Senators propose shrinking federal vehicle fleet

The sums the government spends buying and leasing "nonessential" motor vehicles would shrink by 20 percent under a bill introduced on Wednesday by Sens. Tom Coburn, R-Okla., and Jeanne Shaheen, D-N.H. The proposal, originally offered by the fiscal commission appointed by President Obama, could save $500 million if enacted by 2012, the lawmakers said.

"This is a common-sense place for us to cut wasteful spending," Shaheen said. "The government's vehicle budget has grown considerably over the last several years, and it just doesn't make sense. There's no reason for some of these agencies to own fleets of SUVs, which are expensive to own and to operate."

A spokeswoman for the General Services Administration, which tracks the fleet and publishes the "Guide to Federal Fleet Management," said the agency does not comment on pending legislation.

Citing numbers from GSA's "Federal Fleet Report" and a Government Accountability Office report, the senators pointed to 662,000 nonmilitary cars, vans, sport utility vehicles, trucks, buses and ambulances owned or leased by federal agencies. Cumulatively, they consume a million gallons of fuel daily. The lawmakers said the fleet has grown by 32,000 vehicles since 2006 at a cost of a $1 billion, and that some 63,794 vehicles were purchased in fiscal 2010 alone.

The senators acknowledged the importance of mission-critical and national security-related vehicles, but they asked why SUVs are needed by the National Science Foundation, the Broadcasting Board of Governors, the Federal Housing Finance Agency and the Small Business Administration.

The bill would exempt the U.S. Postal Service from the cuts, and it would task agency inspectors general with monitoring nonofficial vehicle use and reporting results to Congress, while also finding ways to reduce the fleet further.

Stay up-to-date with federal news alerts and analysis — Sign up for GovExec's email newsletters.
FROM OUR SPONSORS
JOIN THE DISCUSSION
Close [ x ] More from GovExec
 
 

Thank you for subscribing to newsletters from GovExec.com.
We think these reports might interest you:

  • Forecasting Cloud's Future

    Conversations with Federal, State, and Local Technology Leaders on Cloud-Driven Digital Transformation

    Download
  • The Big Data Campaign Trail

    With everyone so focused on security following recent breaches at federal, state and local government and education institutions, there has been little emphasis on the need for better operations. This report breaks down some of the biggest operational challenges in IT management and provides insight into how agencies and leaders can successfully solve some of the biggest lingering government IT issues.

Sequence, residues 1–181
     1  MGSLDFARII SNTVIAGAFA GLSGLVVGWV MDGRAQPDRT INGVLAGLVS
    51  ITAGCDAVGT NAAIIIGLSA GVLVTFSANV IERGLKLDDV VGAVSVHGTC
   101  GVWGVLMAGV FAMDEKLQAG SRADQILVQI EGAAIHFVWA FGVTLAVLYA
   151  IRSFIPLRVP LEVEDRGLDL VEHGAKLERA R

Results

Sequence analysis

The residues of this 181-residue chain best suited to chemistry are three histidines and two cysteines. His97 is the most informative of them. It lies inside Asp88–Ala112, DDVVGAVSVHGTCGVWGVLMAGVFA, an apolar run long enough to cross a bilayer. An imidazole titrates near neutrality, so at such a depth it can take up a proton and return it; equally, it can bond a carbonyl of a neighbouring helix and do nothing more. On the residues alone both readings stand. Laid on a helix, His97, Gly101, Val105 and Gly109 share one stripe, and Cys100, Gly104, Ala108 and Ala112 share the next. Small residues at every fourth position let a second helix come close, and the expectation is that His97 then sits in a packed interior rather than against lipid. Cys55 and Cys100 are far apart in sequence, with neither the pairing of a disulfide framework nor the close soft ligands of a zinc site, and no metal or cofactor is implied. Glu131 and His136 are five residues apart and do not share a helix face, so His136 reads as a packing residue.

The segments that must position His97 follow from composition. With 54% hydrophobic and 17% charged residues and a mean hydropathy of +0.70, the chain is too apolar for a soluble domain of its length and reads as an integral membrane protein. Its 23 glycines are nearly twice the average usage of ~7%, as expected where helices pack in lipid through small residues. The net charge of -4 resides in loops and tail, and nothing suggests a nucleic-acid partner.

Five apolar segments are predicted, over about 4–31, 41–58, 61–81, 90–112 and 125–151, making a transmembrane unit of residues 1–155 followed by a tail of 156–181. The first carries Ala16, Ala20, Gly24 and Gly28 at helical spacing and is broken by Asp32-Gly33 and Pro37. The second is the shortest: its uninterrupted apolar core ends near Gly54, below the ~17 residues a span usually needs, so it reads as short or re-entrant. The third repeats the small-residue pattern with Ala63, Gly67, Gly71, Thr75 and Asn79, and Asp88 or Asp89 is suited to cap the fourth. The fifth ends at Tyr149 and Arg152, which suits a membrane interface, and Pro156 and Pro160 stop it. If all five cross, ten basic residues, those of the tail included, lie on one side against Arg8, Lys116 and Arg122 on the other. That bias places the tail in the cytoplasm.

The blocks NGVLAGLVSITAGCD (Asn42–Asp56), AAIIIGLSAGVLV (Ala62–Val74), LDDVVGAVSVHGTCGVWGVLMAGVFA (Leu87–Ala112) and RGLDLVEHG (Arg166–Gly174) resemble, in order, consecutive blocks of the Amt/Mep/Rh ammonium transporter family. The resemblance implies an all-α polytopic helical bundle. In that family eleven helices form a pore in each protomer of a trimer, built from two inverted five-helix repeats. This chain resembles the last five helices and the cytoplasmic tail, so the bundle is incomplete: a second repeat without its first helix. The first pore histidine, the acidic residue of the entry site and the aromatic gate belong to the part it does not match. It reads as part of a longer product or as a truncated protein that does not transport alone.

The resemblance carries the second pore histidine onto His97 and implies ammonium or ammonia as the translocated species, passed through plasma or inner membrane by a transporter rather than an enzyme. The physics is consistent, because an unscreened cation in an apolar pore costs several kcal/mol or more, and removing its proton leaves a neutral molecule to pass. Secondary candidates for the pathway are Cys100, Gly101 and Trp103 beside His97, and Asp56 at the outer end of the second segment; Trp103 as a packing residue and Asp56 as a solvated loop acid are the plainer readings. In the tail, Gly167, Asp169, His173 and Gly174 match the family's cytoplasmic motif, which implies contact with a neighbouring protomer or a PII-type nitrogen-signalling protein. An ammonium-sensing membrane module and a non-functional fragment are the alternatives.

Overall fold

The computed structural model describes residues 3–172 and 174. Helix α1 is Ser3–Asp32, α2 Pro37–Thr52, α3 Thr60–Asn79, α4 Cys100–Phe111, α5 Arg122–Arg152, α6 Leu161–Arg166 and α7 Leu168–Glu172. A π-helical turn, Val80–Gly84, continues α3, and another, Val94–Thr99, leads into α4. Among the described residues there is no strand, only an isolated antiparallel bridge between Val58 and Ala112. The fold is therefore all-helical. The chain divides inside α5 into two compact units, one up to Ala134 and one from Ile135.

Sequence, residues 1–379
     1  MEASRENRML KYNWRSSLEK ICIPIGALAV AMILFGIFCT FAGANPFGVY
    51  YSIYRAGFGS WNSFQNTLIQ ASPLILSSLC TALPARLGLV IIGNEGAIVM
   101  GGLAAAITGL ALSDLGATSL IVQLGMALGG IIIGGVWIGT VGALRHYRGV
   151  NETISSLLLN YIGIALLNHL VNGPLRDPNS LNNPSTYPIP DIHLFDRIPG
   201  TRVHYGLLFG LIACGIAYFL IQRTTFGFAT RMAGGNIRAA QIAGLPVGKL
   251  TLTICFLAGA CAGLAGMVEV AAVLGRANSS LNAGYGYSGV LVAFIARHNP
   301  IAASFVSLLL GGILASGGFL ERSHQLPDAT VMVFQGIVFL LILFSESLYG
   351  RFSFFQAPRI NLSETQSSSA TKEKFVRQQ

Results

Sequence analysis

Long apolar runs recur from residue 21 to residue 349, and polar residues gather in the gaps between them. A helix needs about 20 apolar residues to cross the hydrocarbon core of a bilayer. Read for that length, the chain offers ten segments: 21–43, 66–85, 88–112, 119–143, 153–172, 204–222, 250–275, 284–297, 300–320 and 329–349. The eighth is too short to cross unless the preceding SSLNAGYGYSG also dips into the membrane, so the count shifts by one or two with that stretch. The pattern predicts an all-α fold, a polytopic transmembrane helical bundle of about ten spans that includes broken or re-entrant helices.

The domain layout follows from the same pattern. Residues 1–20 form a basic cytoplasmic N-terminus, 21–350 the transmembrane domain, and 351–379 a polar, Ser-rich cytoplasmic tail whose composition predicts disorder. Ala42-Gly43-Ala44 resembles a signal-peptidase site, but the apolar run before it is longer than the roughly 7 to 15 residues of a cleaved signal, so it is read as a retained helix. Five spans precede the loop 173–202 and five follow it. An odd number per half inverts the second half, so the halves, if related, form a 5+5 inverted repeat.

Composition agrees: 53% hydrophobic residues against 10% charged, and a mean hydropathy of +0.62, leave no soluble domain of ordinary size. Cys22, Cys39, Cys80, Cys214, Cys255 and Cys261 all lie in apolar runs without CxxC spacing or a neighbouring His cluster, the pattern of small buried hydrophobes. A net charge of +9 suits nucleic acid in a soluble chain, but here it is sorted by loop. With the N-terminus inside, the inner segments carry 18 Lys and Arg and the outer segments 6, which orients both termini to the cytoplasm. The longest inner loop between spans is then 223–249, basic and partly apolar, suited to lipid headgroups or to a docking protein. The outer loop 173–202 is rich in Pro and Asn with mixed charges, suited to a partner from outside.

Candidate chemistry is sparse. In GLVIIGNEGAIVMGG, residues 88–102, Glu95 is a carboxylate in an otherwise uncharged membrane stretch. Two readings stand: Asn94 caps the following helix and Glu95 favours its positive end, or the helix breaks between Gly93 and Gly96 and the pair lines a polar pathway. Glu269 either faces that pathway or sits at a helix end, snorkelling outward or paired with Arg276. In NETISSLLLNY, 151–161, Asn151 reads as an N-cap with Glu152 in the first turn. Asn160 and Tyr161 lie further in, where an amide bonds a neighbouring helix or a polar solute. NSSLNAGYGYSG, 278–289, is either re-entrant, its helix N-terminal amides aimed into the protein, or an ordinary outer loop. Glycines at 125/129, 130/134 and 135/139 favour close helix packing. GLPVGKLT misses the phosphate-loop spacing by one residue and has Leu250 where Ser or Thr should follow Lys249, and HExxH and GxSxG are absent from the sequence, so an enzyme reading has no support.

Download
  • Communicating Innovation in Federal Government

    Federal Government spending on ‘obsolete technology’ continues to increase. Supporting the twin pillars of improved digital service delivery for citizens on the one hand, and the increasingly optimized and flexible working practices for federal employees on the other, are neither easy nor inexpensive tasks. This whitepaper explores how federal agencies can leverage the value of existing agency technology assets while offering IT leaders the ability to implement the kind of employee productivity, citizen service improvements and security demanded by federal oversight.

    Download
  • IT Transformation Trends: Flash Storage as a Strategic IT Asset

    MIT Technology Review: Flash Storage As a Strategic IT Asset For the first time in decades, IT leaders now consider all-flash storage as a strategic IT asset. IT has become a new operating model that enables self-service with high performance, density and resiliency. It also offers the self-service agility of the public cloud combined with the security, performance, and cost-effectiveness of a private cloud. Download this MIT Technology Review paper to learn more about how all-flash storage is transforming the data center.

    Download
  • Ongoing Efforts in Veterans Health Care Modernization

    This report discusses the current state of veterans health care

    Download

When you download a report, your information may be shared with the underwriters of that document.